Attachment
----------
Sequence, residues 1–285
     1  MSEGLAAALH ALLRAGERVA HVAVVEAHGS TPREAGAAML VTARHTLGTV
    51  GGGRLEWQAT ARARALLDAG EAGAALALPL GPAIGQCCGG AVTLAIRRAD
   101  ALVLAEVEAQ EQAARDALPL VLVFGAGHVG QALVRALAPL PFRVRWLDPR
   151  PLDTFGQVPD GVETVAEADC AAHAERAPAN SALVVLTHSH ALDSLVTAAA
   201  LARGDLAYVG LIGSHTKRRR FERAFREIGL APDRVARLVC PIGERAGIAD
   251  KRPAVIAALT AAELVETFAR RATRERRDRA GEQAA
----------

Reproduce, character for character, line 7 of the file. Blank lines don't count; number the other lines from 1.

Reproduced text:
   251  KRPAVIAALT AAELVETFAR RATRERRDRA GEQAA